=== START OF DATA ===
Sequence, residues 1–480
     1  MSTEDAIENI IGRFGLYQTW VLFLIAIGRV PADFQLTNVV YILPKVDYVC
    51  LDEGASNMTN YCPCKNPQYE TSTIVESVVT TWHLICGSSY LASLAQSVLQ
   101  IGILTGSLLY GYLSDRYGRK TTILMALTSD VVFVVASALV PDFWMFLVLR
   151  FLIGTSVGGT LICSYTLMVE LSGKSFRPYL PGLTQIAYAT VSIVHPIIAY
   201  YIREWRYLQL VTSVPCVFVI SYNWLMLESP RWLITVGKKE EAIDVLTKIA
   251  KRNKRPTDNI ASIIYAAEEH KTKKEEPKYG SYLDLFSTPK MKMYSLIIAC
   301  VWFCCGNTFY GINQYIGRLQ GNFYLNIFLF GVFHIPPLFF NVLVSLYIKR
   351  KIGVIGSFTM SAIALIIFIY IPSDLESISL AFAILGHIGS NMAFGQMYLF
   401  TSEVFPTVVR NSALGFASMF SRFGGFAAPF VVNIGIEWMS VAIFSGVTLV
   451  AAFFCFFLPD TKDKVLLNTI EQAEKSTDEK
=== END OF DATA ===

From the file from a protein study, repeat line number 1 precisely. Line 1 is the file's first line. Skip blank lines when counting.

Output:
Sequence, residues 1–480